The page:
OK, so here’s the TV-watching plan for May: catch up on the 400 marquee series (approximate number) that dropped near the end of April and then hunker down. The first couple weeks of this upcoming month offer a mercifully small number of must-watch shows … but that’s just the calm before the storm. By the end of the month, two of the biggest releases on the calendar will have premiered on the same day. So get ready while you can. And use this guide as a helper, if you want …
What’s New to Streaming in March
A selected list of movies and TV shows coming this month that The Ringer is very excited about.
Terminator 2: Judgment Day (May 1, HBO Max)
Alan Siegel: The juxtaposition of warmth and spectacle is what elevates Terminator 2 above nearly all other ’90s popcorn flicks. But that somehow undersells its appeal and influence. Industrial Light & Magic’s cutting-edge visual effects, a Kevlar-tough woman as the lead, dozens of memorable one-liners, and terrifyingly prescient themes combined to form a blockbuster that pushed the limits of the medium. The top-grossing movie of 1991 escalated a big-screen arms race that’s played out in American cineplexes every summer since.
The Circle, Season 4 (May 4, Netflix)
Shea Serrano: Part of what makes The Circle so great is how despite early assumptions that a show like this would lean into the idea that the loneliness heavy internet users might feel has been baked into their bones, it somehow does the opposite. Once the novelty wears off several episodes in, everything and everyone begins to feel ultra-humanized. The isolation somehow begins mushing people together through their TV screens. It’s incredible to watch happen. There are of course fun and funny moments on the episodes that speed the show forward (the guy pretending to be a woman, for example, is routinely invited into woman-only chats, and every single time he gets invited in he’s two or three sentences away from tipping his hand), but there are also big philosophical moments that ground everything in a I Wasn’t Expecting This Water to Get So Deep way. Watching a catfish having to process why they’ve chosen to catfish feels like peeking inside someone’s diary.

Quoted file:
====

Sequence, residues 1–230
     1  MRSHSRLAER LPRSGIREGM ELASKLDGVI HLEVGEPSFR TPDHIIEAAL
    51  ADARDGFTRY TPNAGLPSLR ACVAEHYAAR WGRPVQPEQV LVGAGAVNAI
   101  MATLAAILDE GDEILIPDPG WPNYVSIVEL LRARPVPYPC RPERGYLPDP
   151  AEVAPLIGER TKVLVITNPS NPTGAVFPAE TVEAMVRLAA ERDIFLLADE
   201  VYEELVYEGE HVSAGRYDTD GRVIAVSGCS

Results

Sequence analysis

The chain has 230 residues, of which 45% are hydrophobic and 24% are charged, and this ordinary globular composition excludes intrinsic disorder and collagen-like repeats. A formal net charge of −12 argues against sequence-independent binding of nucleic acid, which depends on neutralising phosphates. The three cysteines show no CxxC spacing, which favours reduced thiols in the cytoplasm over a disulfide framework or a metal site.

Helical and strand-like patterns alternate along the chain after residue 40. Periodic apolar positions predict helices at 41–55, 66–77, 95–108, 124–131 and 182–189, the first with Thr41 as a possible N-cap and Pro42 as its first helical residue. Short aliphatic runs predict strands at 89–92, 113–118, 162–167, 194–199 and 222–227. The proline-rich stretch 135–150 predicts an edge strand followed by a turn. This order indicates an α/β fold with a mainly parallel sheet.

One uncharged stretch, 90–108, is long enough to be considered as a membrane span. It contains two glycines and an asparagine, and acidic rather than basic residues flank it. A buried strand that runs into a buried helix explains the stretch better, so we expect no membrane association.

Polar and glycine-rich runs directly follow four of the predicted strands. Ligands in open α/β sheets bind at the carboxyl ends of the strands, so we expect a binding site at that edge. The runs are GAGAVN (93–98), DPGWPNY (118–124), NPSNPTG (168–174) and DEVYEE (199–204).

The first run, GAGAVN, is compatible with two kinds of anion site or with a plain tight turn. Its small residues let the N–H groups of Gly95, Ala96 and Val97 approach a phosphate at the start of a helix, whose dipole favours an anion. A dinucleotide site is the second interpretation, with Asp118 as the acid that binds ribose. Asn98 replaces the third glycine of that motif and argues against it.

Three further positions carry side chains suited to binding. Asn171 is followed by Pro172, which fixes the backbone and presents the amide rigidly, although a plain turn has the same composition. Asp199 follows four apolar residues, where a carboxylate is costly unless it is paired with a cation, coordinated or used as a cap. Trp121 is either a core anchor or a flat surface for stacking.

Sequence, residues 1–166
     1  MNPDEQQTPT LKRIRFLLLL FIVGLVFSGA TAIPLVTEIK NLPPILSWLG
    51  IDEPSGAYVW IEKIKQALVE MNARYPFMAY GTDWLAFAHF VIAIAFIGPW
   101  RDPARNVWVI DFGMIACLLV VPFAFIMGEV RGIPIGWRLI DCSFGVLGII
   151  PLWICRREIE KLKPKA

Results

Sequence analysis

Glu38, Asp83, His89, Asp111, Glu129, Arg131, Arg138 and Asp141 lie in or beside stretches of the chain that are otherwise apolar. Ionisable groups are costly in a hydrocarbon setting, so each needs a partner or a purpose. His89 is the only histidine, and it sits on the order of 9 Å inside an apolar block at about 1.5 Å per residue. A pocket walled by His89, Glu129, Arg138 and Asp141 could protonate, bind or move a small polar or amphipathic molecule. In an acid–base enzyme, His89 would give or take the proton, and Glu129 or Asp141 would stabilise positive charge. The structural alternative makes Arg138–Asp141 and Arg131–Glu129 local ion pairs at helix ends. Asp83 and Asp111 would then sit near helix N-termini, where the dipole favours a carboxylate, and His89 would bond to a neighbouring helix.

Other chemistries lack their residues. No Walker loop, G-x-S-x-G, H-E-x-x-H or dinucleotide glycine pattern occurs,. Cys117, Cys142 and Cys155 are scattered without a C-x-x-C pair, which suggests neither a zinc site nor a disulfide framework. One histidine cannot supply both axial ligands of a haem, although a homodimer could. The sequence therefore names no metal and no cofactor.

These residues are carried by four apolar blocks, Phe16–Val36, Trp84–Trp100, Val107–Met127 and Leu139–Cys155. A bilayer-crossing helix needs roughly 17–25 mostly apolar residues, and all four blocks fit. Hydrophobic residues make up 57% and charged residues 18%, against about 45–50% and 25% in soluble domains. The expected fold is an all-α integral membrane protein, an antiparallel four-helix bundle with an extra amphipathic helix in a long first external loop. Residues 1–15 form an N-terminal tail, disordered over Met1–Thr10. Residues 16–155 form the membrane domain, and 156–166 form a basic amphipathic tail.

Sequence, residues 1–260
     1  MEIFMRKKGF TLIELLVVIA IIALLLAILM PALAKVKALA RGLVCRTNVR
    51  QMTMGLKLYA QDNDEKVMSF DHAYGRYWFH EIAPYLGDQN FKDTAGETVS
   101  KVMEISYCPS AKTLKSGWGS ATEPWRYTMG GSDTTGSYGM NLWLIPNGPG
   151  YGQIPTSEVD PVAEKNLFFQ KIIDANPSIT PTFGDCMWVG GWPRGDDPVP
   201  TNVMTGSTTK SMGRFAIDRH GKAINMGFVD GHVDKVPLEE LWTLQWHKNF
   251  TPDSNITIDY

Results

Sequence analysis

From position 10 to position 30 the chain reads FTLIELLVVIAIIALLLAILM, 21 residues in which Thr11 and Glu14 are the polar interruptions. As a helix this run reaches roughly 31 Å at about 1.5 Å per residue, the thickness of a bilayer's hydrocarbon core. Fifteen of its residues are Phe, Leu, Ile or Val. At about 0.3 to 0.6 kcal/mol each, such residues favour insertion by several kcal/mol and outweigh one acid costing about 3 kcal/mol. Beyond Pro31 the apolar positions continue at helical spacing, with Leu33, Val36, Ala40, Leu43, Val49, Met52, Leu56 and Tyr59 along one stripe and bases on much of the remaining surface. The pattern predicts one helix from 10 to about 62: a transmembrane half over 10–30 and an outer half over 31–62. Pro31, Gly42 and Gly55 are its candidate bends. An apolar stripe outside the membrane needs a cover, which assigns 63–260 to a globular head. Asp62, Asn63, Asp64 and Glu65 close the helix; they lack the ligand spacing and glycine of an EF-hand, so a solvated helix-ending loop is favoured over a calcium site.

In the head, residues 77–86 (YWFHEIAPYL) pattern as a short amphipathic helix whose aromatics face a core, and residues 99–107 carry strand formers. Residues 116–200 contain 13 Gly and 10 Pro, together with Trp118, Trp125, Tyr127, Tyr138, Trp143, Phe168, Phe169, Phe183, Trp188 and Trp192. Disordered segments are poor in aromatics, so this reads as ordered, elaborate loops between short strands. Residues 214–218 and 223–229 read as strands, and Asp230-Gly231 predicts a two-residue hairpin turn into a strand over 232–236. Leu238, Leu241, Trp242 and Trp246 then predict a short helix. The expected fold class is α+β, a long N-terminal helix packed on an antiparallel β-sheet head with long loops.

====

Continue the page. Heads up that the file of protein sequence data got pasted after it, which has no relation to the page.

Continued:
The Staircase (May 5, HBO Max)
Andrew Gruttadaro: After winning an Academy Award for his 2001 HBO documentary Murder on a Sunday Morning, Jean-Xavier de Lestrade decided to tell the other side of the story. Murder had followed the story of Brenton Butler, a Black, lower-class 15-year-old who had been wrongfully accused of murder; de Lestrade still wanted to examine the American criminal justice system, specifically in relation to murder trials, but this time through the lens of a white person, one wealthy enough to be able to afford the best defense possible. He and his team started reviewing cases that fit the criteria, and after 300 cases and about five months of research, they found Michael Peterson.
Girls5Eva, Season 2 (May 5, Peacock)
Alison Herman: Like all good themes, Girls5Eva’s is a perfect capsule of the show it introduces. Deceptively silly and loose, the tune also has an airtight grip on its satirical subject: late-’90s girl groups and what happens to their members, and all women in show business, when they reach middle age. A Spice Girls–type quintet who peaked in the last millennium, Girls5Eva gets an unexpected boost when their biggest (read: only) hit is sampled by the Gen Z rapper Lil Stinker. Sensing opportunity, the surviving members of the group—the “fun one” swam off the edge of an infinity pool back in the aughts—resolve to turn their second wind into a full-fledged comeback.